Norfolk carmaker is also creating a new platform for future models, perhaps including a revived Elan.

Autocar UK, By Lawrence Allan


© Image credited by Haymarket Media Group | New V6 hybrid ‘Esprit’ to lead Lotus expansion plan


The first series-production Lotus for 12 years will feature a design heavily inspired by the Evija hypercar and a newly developed, hybridized V6 powertrain.
Expected to be shown in the first half of next year before going on sale in the following months, the new Lotus will revive the format of the Esprit as a Ferrari-baiting super sports car with a price set in the low six figures. Like that iconic model, it will be intended to retain the Norfolk brand’s celebrated driving dynamics while offering increased everyday usability and refinement over existing models.
The car, which may or may not use the Esprit name, will serve to bridge the gap between Lotus’s existing line-up and further future models based on an architecture that’s new from the ground up.
Replacing the 25-year-old Exige/Elise platform and the 12-year-old Evora underpinnings, the new rivet-bonded platform will provide the basis for a new range which, as Autocar revealed last year, could include a revived Elan as well as other models in a number of segments. “There’s this car, then there’s the new platform,” Lotus CEO Phil Popham has previously said.
Before these models arrive, this 2021 model will be the last series-production car to be spun off the current extruded aluminum platform used in the Evora. However, the car is not intended as a direct Evora replacement, instead of sitting above it as a separate model.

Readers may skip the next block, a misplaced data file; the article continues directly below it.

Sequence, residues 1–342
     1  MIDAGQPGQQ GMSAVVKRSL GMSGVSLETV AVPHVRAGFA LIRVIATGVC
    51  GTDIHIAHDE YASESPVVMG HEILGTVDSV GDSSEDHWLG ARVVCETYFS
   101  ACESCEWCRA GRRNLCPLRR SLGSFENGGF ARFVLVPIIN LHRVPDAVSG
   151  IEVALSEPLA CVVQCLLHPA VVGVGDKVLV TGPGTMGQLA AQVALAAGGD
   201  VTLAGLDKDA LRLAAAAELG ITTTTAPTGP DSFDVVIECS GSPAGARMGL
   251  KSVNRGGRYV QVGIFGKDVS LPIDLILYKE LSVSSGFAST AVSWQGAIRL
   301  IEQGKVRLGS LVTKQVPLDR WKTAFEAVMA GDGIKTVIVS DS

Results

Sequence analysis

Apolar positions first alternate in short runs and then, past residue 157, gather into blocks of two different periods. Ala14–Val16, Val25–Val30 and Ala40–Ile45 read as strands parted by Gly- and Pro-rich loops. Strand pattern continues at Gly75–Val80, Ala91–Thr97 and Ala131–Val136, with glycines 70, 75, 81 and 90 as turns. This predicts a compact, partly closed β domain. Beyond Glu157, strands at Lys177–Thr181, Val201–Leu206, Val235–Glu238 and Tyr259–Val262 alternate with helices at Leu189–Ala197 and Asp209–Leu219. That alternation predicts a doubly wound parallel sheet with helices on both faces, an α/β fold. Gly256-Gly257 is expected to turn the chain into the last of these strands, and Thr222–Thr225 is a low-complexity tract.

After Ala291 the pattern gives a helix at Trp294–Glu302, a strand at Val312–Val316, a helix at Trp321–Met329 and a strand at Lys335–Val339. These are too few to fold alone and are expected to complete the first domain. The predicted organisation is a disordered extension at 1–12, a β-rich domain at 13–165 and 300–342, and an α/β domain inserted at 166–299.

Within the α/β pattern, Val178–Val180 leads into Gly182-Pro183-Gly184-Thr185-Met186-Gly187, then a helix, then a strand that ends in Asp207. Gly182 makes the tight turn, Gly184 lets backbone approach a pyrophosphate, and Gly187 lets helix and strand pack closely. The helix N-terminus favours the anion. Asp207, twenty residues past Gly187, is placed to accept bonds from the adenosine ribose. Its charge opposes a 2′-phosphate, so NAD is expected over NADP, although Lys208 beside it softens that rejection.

Autocar has learned that the new car will make use of a V6 powertrain related to today’s Toyota-sourced unit. However, Lotus has developed a new hybrid system to supplement it, presumably using learnings from the Geely-owned sister brand, Volvo. The plan follows on from the all-electric Evija, with Popham previously expressing a desire to electrify every new Lotus in some form.
There’s no word on the power output at this stage, but given the Evora 410 puts out 404bhp with the aid of a supercharger, the new powertrain is likely to take the figure well in excess of 500bhp. Lotus lives by founder Colin Chapman’s famed “simplify and add lightness” mantra, so expect engineers to aim to keep the new car’s curb weight as light as possible, despite the addition of hybrid tech. It remains to be seen if the V6 will feature forced induction or natural aspiration.
Although purists may hanker for a revival of the original’s shape, expect a modernist design that essentially evokes the look of a shrunken Evija. Like the Evora, a mid-engined layout will dictate its look, but despite the low-slung design and what is described as a ‘very driver-focused package’ it will be the most usable Lotus on sale. The new car won’t feature a 2+2 seating layout, instead offering a spacious two-seat cabin with ample storage.
Lotus is able to invest heavily in a five-year plan thanks to what Popham describes as a “huge opportunity” under Geely ownership. The large and well-resourced Chinese company brings with it new “design, engineering, and manufacturing opportunities” along with plenty of cash: Popham said: “We’re not talking tens or hundreds of millions but billions”.
Besides the plans to increase its model line-up, including a long-mooted SUV, Lotus is also well underway with the expansion of its Hethel headquarters. The brand currently sells around 1500 cars annually, but the larger base will give it a capacity to build around 5000.
With the new car engineered from the start to meet regulations in China and North America, it’s expected to play a core role in achieving those figures.
This article was originally published in Autocar UK.
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